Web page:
Can I Divorce my Spouse if I don’t know where he or she is? (Substituted Service Divorce)
Yes. In terms of South African law, you can divorce your missing spouse by way of a process called divorce by way of substituted service. An application for substituted service is made in a divorce court, requesting the judge to grant an order to allow the divorce summons to be served in a manner other than the “usual” way of personal service by sheriff. Once the order for substituted service is granted, the summons will be “served” in the prescribed manner and the divorce process will commence.
In most “missing spouse” divorce cases, the Defendant does not oppose the divorce action. The Plaintiff (the person who instituted the divorce proceedings) may then ask for a divorce by way of default judgment.
Can my Spouse Stop me from getting a Divorce?
No. Your spouse cannot stop you from getting divorced. You cannot be forced to stay in a marriage which you no longer wish to be a part of. It is your right to get divorced, should you wish to do so.
Can I Divorce my Spouse without going to court in South Africa?
No. A divorce can only be granted by a South African High Court or Regional Court having jurisdiction over the parties’ divorce, which is instituted by way of a divorce summons.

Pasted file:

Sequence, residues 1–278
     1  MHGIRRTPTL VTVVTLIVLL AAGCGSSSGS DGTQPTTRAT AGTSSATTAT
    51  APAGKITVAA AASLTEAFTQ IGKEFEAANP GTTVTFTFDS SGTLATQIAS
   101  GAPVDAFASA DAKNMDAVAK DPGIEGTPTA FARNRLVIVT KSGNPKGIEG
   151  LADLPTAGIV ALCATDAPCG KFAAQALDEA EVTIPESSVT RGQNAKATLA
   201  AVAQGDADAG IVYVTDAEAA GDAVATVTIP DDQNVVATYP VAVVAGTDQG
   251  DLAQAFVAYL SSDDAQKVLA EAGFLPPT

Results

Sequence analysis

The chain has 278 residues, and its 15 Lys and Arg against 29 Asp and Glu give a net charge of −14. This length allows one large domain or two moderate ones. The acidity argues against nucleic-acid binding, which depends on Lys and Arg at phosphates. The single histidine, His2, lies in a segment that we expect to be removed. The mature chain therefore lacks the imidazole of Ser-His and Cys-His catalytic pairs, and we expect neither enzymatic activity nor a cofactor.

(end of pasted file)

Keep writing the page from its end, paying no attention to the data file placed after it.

Can I handle my own Divorce or Should I use a Divorce Lawyer?
Yes. You have the right to handle your own divorce without engaging the services of a divorce lawyer. However, it is always advisable to secure the services of an experienced divorce lawyer, as the process is almost always complex and can have dire consequences if not handled correctly.
Case in point: most people go to a reputable hairdresser or barber to cut their hair and choose not to cut their hair themselves out of fear that they will not achieve their desired result – the same can be said for handling your own divorce. If you are not acquainted with the laws and procedures in respect of divorce proceedings, handling your own divorce can, as we have seen on many occasions before, have a detrimental and costly effect in the long term, especially when there are children and assets involved.
See “Is a DO-IT-YOURSELF divorce right for you?” section on our website for more information.
Who is Liable for Child Maintenance?
Both parents are jointly liable for maintenance towards their minor child until the child is self-supporting. If the parents disagree on how much maintenance is payable, one parent can approach the Maintenance Court in the area in which the minor child resides who will then consider the affordability of each parent to contribute towards the maintenance of the minor child by looking at their income, expenses and the reasonable maintenance needs of the minor child.
The Maintenance Court will then order that the parties pay a certain amount of maintenance in accordance with each party’s financial means on a pro-rata scale. The issue of child maintenance during divorce proceedings is usually dealt with during the divorce negotiations, and not necessarily in the Maintenance Court.